The Island with Bear Grylls began its third (UK) season on Monday night and I found myself shouting at the TV screen again as unwise decisions were made by people who could have known better:
- “Yeah – if you feel sick I suggest you drink some more of that eggy water from the stagnant pond” – this from a doctor?
- “I’ve seen the first two seasons, been through the training and after 24 hours I’ve had enough and I’m going home.” – this from an experienced camera-woman?
And cheering as they got some decisions right – the girls with fire and the guys with fresh water.
Overall, irrationality can be expected from those who have dehydrated and starved for 10 days or so – but this year’s contingent of wannabe’s seem in danger of dropping out before their weight drops off.
It occurred to me yesterday that Shine TV may have reflected that one of the problems with Season 1 was that they auditioned and selected a team of survivors. I’m informed that we are still the only group with no dropouts (and that was a close run thing).
To quote Sackie in our final episode, we made it. We loved, we fought, we fell out with each other and made it up again – but in the end, everyone was there for the last night party on the beach.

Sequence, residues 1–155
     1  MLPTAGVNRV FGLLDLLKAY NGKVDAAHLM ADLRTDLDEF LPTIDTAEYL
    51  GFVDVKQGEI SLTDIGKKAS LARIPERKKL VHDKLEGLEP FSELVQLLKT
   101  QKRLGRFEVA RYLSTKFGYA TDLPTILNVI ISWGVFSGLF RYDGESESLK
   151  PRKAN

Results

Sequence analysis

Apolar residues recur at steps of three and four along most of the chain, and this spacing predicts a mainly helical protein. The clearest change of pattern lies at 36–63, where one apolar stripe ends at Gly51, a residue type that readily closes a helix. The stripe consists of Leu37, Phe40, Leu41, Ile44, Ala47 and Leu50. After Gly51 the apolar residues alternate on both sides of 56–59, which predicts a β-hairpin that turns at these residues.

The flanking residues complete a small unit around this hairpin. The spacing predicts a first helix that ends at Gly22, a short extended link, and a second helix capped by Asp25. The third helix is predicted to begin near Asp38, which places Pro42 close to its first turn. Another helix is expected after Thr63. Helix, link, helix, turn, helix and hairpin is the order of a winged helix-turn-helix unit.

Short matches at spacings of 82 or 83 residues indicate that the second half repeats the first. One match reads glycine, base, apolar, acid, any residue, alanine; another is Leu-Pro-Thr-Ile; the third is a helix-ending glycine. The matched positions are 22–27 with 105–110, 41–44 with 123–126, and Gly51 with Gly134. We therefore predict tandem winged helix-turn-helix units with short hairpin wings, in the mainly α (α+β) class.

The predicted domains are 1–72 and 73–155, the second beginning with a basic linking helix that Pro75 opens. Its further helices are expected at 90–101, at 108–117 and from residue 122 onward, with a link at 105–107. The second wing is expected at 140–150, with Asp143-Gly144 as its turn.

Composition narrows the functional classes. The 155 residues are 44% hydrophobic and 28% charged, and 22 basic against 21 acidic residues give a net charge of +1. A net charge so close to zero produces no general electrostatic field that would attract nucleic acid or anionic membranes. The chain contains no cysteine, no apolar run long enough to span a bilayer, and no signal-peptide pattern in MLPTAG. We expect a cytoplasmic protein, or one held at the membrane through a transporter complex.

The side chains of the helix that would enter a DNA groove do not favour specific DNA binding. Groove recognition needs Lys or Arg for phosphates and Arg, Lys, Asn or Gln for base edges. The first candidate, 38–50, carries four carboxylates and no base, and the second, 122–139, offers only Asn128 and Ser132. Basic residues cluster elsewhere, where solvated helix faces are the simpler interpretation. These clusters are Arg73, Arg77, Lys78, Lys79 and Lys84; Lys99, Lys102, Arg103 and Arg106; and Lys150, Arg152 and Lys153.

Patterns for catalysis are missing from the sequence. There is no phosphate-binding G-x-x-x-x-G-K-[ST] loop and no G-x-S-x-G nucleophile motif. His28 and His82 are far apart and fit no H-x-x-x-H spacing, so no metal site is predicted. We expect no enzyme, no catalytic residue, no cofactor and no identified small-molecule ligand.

Good TV for Season 1 but clearly not for subsequent adventures – one could be forgiven for thinking that the producers have chosen for failure as well as success “to make good television”.
In the world of business we don’t have to make good television drama (apart from the nonsense that is The Apprentice) and so the only options are survival, withdrawal or death.
The banks don’t provide a team of experts on hand to provide rapid support or an “evac” procedure if things go wrong. They just steal your house.
So a survival kit on a Pacific Island differs from a survival kit in business.
To arrive on a Island you need some basic training (48 hours to be precise), a few bits and bobs like 2 machete, 2 knives, oilskins, jerry cans, fish hooks and a medical emergency pack – plus a walkie talkie that allows you to yell “come and get me” when you have had enough.
(p.s. oilskins, jerry cans and fish hooks? I don’t remember any of those)
To survive on an Island you need ATTITUDE.
To arrive in a business you get little or no basic training, a few bits and bobs like a humungous loan and a manager – and no way of escape. So you had better get it right.
To survive in a business you need ATTITUDE.
Either way, an attitude that says “I’m going to push through the pain, no matter what.”